Thraxas and The Sorcerers

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There are very few fantasy novels that mix so gleefully influences from the Ancient world, from noir detective stories and from pulp fiction while never failing to deliver straight-to-the-point entertainment. TheThraxas series, originally published by Orbit, written by Martin Scott (penname of Scottish writer Martin Millar), is among them.

UK Cover – Orbit

An (un)Common Detective

Thraxas is a private investigator in the city of Turai. He used to be the head of the Palace Security but his love for alcohol got him fired a few years ago. Living in the poorest area of Turai, above a tavern called “The Avenging Axe”, he will investigate pretty much anything for a fee.

In the fifth book in the series, he is hired by Cicerius, the very ambitious deputy consul of Turai, to protect Lisutaris, Mistress of the Sky, and ensure that she is elected at the helm of the Sorcerers Guild during their Assemblage. Thraxas is not thrilled by such a mission. Not only is it winter and he would prefer to stay indoors but also, having failed his Sorcerer’s apprenticeship when he was a teenager, he’s not keen at all to be surrounded by a bunch of drunk sorcerers who will remind him of his numerous failures.

Money being money, he accepts the case and enrols his friend Makri, a former gladiatrix, half-human, quarter orc and quarter elf, to serve as Lusitaris’s bodyguard. To make matters worse, Lusitaris is a drug addict and Makri is in the middle of a personal crisis – perfect ingredients for laugh-out-loud moments.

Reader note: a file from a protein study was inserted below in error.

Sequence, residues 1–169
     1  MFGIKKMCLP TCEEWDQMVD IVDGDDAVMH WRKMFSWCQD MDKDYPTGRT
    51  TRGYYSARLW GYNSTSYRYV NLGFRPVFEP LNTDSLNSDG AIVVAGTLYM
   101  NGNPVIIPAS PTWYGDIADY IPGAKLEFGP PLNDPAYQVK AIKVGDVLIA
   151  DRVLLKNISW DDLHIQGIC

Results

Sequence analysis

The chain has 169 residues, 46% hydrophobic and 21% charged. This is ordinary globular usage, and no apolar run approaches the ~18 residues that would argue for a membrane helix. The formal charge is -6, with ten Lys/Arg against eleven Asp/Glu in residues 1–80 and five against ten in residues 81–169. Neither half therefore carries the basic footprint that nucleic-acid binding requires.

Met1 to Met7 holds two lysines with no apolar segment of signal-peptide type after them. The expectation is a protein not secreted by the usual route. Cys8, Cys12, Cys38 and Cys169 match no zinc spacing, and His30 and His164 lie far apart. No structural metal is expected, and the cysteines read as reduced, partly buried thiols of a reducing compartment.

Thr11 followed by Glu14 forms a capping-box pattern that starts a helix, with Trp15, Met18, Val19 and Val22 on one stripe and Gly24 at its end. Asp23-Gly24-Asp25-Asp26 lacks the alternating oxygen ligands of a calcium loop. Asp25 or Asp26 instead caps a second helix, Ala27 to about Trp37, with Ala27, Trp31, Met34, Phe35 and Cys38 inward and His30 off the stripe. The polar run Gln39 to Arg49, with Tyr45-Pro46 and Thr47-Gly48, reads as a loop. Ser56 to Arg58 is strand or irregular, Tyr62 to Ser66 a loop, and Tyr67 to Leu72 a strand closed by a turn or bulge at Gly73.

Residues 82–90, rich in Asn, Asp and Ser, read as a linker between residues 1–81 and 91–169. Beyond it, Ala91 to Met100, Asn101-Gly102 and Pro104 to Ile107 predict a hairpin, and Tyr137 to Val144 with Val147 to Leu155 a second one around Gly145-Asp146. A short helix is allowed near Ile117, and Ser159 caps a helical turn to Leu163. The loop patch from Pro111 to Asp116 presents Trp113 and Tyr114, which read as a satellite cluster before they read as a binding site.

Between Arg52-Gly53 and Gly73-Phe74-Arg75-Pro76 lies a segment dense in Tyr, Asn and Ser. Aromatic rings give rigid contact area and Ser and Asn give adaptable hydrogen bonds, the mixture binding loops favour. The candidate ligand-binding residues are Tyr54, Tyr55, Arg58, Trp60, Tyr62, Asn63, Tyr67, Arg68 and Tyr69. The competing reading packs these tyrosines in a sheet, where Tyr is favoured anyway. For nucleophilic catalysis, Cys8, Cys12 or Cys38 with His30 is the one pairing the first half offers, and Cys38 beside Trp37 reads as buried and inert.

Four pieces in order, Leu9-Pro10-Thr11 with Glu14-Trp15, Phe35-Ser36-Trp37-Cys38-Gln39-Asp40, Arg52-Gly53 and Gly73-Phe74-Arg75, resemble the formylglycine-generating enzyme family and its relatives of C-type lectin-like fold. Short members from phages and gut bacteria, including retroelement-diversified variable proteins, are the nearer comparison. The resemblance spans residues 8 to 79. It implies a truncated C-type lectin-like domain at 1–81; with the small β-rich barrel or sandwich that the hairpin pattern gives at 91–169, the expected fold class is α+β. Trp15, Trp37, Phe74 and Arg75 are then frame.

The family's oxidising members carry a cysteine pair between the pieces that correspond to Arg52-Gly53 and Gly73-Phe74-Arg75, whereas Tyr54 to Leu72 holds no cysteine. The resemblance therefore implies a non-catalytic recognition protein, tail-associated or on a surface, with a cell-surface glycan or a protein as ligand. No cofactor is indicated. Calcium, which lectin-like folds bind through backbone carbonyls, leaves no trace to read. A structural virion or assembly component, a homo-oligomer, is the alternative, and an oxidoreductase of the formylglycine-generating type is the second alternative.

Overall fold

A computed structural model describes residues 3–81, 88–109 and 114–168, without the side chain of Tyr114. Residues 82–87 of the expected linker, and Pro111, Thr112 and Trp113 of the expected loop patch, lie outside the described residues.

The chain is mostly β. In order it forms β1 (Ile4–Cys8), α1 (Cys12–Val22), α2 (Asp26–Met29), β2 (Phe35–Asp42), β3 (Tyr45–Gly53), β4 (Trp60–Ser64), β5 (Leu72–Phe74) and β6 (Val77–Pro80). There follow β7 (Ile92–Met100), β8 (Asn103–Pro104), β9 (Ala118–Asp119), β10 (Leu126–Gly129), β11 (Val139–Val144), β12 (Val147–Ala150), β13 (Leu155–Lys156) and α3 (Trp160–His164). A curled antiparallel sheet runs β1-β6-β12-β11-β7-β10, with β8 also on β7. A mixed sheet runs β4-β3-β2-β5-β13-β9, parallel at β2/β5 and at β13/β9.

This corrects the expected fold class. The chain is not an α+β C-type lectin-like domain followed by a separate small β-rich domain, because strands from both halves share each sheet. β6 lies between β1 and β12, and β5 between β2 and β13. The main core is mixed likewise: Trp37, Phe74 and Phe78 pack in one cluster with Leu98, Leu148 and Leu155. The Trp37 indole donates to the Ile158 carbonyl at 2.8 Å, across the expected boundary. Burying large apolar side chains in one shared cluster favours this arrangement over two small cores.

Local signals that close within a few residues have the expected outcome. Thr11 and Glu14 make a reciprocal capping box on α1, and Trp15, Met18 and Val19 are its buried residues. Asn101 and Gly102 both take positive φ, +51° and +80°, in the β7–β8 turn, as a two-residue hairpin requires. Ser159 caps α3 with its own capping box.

Down Memory Lane

Thraxas and the Sorcerers is as entertaining as the other books in the series. It has been a pleasure to return to these characters and this universe that I had enjoyed when I was a teenager.

As a more mature reader, I also took great interest in locating the references to the Ancient World (which are everywhere). Turai has one foot strongly set in Ancient Rome (Traditionals Vs Populares, Cicero, Consuls, etc.) and the other one in the Middle Ages with its guilds, taverns, etc. 

Martin Scott perfectly blends elements of high-brow/classical culture with low-brow/pulp fantasy to deliver a highly entertaining detective story – it’s an ideal pick if you have had a long day at work or if you are in the middle of a summer holiday.

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